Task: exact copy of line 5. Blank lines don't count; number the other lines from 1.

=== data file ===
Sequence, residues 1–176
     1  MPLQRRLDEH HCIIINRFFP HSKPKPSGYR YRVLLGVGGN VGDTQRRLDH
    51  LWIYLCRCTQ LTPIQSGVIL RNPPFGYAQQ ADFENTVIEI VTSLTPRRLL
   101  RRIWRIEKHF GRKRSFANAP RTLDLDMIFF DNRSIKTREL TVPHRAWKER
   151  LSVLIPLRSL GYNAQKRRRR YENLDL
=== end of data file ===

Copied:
   151  LSVLIPLRSL GYNAQKRRRR YENLDL